Wednesday, May 9, 2012

Evovling With Obama's Views On Gay Marriage

After an evolving viewpoint, President Obama stated today that he believed that same-sex marriage should be legal. While some people are critical of the President’s use of the word “evolving,” it is an honest reflection of how many people come to understand this issue including myself.

My evolution in my support of gay-marriage started in high school. As I entered my teenage years I noticed like most people that some people seemed to not be as clearly display stereotypical gender roles. In high school I was one of those people. I enjoyed music, played violin and didn’t play sports. So other guys would call me “gay.” My response was to spit back gay jokes.

I am not proud of this fact but it happened. As harsh as the words were, I actually didn’t have a problem with people who were homosexual. However, no one I knew was openly gay, but plenty of celebrities were so I thought I understood this issue.

In college I finally had peers and friends who were openly gay. One of my best friends who I wrote about in this early blog post identified as a lesbian in college. I had fraternity brothers who were gay, as well as professors and classmates who were homosexual. I got to experience through them what it meant for them to have their sexuality be an issue in American culture and the struggles they went through.

This drew me closer to the side of fighting for gay rights but I didn’t fully appreciate other facets of this issue. I just knew I wanted my friends who were gay to have the same rights I did.

Years later I met a co-worked who is now a close friends who has a gay son. She didn’t hide this and was open to talking to me about this experience. For her it was very simple. He was her son, she loved him and she didn’t see why he deserved anything different in life than her other children.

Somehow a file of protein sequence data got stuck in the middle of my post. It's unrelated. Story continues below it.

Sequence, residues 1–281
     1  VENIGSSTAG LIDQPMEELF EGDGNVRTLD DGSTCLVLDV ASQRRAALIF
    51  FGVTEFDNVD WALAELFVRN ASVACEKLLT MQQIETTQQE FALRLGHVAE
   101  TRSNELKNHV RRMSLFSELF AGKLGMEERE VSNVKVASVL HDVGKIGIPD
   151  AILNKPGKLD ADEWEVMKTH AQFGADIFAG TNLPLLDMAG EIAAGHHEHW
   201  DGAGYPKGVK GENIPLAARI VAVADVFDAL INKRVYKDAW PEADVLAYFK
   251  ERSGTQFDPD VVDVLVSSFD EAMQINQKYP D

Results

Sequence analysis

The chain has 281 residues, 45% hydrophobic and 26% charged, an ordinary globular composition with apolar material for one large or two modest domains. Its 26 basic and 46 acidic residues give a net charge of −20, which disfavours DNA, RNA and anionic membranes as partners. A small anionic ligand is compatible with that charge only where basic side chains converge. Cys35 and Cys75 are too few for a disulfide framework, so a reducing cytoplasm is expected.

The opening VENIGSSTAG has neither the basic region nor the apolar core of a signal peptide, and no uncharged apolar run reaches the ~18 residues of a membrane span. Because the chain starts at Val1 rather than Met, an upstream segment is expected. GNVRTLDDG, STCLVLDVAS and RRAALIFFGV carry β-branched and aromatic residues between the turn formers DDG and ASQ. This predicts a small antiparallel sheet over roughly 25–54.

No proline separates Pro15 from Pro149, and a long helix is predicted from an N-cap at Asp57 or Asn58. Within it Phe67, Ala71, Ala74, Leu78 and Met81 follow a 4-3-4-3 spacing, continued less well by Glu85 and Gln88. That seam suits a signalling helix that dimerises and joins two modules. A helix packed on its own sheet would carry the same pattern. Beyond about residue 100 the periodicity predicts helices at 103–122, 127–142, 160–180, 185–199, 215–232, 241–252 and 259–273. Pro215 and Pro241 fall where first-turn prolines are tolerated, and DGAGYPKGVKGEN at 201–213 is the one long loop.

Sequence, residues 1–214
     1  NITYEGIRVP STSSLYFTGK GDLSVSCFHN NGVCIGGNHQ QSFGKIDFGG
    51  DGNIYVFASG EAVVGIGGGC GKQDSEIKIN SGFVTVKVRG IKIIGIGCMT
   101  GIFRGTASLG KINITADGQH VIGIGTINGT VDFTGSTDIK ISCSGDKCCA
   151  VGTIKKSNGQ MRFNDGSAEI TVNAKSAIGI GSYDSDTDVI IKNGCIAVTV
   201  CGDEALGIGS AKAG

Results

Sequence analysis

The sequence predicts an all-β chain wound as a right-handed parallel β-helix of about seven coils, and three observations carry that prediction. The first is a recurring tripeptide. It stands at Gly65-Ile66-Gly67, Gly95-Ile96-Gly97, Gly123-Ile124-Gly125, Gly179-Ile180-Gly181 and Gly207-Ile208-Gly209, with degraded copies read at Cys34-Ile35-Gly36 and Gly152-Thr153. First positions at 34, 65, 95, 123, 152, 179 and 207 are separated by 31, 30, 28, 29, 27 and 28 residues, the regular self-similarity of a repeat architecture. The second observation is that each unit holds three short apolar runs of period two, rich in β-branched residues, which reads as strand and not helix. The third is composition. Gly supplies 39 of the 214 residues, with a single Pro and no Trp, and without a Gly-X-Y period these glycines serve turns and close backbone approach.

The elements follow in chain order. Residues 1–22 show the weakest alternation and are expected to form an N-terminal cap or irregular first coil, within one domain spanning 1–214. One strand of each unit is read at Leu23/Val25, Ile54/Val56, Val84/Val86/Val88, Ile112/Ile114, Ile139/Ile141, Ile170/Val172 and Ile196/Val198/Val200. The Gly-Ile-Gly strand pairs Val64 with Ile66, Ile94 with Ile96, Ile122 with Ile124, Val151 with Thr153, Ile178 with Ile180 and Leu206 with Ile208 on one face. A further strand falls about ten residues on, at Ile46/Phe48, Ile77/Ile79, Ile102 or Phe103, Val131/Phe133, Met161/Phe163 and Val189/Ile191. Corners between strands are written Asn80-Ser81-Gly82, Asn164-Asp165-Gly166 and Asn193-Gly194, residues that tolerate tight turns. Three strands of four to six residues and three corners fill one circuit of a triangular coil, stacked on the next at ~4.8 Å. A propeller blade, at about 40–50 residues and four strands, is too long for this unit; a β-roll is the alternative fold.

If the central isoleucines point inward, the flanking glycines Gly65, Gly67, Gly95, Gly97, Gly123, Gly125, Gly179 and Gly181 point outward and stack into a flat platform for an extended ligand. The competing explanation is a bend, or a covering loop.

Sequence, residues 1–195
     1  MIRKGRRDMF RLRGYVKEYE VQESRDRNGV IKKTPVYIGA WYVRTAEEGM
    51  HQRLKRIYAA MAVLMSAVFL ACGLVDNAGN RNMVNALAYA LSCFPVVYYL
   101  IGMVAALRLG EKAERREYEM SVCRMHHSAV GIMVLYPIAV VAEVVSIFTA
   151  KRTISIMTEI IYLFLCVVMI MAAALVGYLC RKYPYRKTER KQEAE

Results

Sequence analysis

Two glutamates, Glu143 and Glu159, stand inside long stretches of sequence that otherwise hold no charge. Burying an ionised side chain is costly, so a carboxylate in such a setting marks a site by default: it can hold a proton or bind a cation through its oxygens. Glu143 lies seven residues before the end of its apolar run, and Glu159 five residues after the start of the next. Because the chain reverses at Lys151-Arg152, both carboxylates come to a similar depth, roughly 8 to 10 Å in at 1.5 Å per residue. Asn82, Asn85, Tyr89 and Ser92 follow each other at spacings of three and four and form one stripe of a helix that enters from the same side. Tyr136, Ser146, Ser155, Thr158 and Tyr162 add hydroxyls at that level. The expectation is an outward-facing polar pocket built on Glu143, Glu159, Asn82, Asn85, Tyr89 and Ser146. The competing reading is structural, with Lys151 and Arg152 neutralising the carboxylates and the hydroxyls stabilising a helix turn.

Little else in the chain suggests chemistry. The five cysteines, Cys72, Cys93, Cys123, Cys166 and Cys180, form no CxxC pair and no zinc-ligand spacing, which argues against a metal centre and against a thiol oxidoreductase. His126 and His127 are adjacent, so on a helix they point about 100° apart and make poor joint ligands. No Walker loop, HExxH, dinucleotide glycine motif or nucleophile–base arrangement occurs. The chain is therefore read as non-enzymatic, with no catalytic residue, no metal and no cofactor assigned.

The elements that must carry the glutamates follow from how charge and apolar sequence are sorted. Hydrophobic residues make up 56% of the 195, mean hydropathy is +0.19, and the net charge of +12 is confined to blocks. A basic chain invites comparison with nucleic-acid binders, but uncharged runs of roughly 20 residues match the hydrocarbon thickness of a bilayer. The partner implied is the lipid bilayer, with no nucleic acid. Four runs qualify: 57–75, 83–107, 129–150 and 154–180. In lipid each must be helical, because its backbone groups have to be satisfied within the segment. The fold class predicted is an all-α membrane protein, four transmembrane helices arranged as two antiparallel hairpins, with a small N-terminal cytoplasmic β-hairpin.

Then I realized this wasn’t just about my friends, this was about my future children.

Most of my understanding about this issue came from connections with people in my life. It wasn’t until the arguments against Prop 8 came out that I comprehended this issue on a logical and legal basis. Check out this post about this case and really read the arguments. They will change the way you look at this issue.

My most recent step in my evolution in understanding the issue of gay marriage was teaching the children of gay parents. I have had the honor of teaching numerous children of gay parents but two of my students really stick out when I think about this issue.

These two siblings are the adopted children of a gay couple that has been together for seventeen years. They are wonderful children and if you spent only a small amount of time with them you would feel the love that can only come from a family of strong values and amazing parenting.

I feel so blessed to have had all these experiences, which have helped me evolve to support same-sex marriage and the rights of all people regardless of their sexuality. The majority of people who are against gay-marriage are not bad people. They are just evolving.

Share with them your own journey and bring them along with you. The issue of same-sex marriage is about a lot of things but at its center is love. And the best way for us to change people’s minds is through showing them that love.

1 comment:

  1. Honestly, I think your last sentence is the absolute key on what will turn sentiment around about this issue. I have less faith or belief in Obama's "evolving" view because if he really cared he would have been doing something before the NC election, not after it by at least using the bully pulpit. To me he's just another callow politician every bit as bad as the republican fools that passed that law because they just use this issue as a divisive tool to keep the everyman arguing with themselves. I had a friend on facebook recently say it was ok to openly discriminate students in a public forum based on their religion. Facebook was rife with religious bashing all day today and that will do NOTHING to advance our society in accepting one another. All it does is entrench people. I suspect, quite strongly, that if the issue were explained in such a way that people did not feel as if the government was going to force their religion to perform the ceremonies (i.e. we discussed things rationally instead of emotionally) the tide would change. It won't be overnight, but it would happen and the way you change minds is by tolerating one another not bashing each other.